The fight for console control


Published: Monday, August 1, 2005 at 3:01 p.m.
Last Modified: Monday, August 1, 2005 at 3:01 p.m.

If you thought the battle between professional athletes was intense, you haven't been following the clash of the console sports giants.

After years of competing with other NFL video game franchises, EA Sports secured the exclusive rights to the NFL license, including the teams, logos and player names.

The result: This year's Madden 2006 game will be the only NFL-branded title gamers can pick up.

Additionally, EA Sports also bought the rights to the ESPN license, which was previously held by EA's chief competitor in the sports game world, 2K Games.

But all is not lost for 2K Games, who managed to secure an exclusive agreement of their own with MLB.

Soon after EA's acquisition of the NFL license, 2K Games partnered with MLB to obtain the exclusive rights for cross-platform MLB-branded titles.

That means that platform-exclusive MLB titles, such as Sony-owned 989 Sports' "MLB" franchise, are still around. But that leaves cross-platform developers such as EA out of the game.

Bucking the trend, the NBA and NHL did not sign exclusive agreements with developers, meaning the respective franchises from 2K Games and EA for those leagues will see the light of day.

So where do these changes leave gamers? 2K Games' well-reviewed "NFL 2K" series is no more, while the same is said for EA's "MVP Baseball" series. Additionally, Midway's arcade style "NFL Blitz" and "MLB Slugfest" have received the axe.

According to gamerankings.com, a Web site that averages the scores given to games by professional reviews, 2K Games' "Major League Baseball 2005" title has an average score of 81.3 percent for the Playstation 2, while EA's "MVP Baseball 2005" has an average score of 87.4 percent.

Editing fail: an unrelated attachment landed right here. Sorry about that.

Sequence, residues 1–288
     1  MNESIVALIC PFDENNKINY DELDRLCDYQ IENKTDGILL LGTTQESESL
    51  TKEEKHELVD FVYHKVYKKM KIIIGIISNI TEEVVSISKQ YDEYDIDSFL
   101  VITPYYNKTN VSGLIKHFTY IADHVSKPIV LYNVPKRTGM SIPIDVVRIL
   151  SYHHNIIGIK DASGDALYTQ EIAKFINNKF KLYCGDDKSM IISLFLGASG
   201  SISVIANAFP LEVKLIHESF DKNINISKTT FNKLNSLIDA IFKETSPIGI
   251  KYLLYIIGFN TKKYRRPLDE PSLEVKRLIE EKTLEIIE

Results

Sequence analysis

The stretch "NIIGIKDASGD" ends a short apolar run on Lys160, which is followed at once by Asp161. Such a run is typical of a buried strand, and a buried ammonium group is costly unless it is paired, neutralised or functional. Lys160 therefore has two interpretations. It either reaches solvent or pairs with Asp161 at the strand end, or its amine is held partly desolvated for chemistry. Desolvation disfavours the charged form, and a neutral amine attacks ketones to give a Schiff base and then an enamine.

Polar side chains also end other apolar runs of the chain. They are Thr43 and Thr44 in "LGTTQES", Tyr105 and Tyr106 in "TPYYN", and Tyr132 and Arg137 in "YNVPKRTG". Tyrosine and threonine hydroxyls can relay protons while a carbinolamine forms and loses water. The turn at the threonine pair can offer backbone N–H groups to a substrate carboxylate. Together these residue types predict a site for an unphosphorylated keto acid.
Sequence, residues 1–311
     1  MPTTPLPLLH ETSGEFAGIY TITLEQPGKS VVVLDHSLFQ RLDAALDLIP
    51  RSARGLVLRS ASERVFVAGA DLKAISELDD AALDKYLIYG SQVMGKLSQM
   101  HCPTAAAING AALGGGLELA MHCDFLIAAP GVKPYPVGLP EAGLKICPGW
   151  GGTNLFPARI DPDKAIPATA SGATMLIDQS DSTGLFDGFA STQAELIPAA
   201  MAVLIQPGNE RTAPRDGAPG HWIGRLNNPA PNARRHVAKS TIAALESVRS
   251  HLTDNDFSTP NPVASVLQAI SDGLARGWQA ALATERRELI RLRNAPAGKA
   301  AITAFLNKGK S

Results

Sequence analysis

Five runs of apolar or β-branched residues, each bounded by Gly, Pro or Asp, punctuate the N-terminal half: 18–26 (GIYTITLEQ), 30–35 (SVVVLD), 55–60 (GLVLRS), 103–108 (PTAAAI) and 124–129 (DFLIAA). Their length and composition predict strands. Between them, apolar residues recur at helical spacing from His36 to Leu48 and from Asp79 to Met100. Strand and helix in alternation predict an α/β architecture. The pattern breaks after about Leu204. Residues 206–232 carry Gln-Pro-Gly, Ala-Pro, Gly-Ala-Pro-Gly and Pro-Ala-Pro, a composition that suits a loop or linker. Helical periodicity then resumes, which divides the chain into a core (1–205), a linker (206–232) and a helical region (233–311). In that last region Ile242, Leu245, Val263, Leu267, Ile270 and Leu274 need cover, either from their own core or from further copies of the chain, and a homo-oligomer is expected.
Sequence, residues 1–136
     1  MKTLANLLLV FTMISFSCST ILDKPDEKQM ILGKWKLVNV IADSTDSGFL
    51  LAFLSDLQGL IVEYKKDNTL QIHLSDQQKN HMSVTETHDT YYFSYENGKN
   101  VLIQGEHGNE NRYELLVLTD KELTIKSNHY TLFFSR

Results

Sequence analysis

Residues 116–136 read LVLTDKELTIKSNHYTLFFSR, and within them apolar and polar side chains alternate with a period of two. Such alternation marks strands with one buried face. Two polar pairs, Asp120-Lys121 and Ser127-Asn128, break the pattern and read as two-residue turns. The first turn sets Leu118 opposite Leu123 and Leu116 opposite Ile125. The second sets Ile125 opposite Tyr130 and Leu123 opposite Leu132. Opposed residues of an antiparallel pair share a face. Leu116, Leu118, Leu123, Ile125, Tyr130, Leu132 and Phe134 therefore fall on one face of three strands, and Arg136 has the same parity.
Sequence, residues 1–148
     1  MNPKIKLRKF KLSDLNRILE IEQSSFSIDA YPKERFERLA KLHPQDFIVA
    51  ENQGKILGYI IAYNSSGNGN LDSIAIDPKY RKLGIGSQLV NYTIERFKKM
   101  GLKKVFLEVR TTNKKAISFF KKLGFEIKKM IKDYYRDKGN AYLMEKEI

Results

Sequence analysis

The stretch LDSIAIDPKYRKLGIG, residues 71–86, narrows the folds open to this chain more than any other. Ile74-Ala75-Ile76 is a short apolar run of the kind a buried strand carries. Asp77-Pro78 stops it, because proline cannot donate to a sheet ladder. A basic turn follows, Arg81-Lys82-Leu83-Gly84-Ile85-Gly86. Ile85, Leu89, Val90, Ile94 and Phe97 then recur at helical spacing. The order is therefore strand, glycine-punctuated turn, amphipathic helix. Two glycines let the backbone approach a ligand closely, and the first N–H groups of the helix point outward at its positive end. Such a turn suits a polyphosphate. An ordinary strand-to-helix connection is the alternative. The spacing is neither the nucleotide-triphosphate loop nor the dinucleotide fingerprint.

EA's "Madden 2005" and 2K Games' "ESPN NFL 2K6" have similar scores around 89 percent.

In the end, despite anyone's favorite sports title, gamers are losing two quality, well reviewed franchises.

But the legalities of the changes haven't stopped developers who were left in the cold by the deals. Thinking outside the box, some developers are pressing on with new iterations of old franchises.

Midway is at work on "Blitz: The League." Without an NFL license, Midway is free to create a more violent and graphic depiction of a fictional football league.

The title is being co-written by a former writer of ESPN's controversial canceled television series "Playmakers."

Additionally, NFL Hall of Famer Lawrence Taylor, known just as well for his battles with alcohol and drugs as he is for his football accomplishments, will grace the cover of the title and be featured in the game as the character "Quentin Sands."

The title, which ships this fall for Xbox and Playstation 2, will feature action both on and off the field, giving players the option to have athletes use illegal performance enhancing drugs at the risk of being caught.

Rumors have circled that 2K Games will make a stab at a NFL "legends" game, signing retired NFL Hall of Fame players on an individual basis to star in a new football title, but nothing has been announced.

EA's "Madden 06" is released on August 9 for Playstation 2, Xbox and GameCube, and will debut on the Xbox 360 this fall. 2K Games' "Major League Baseball 2K6" will hit stores next spring.

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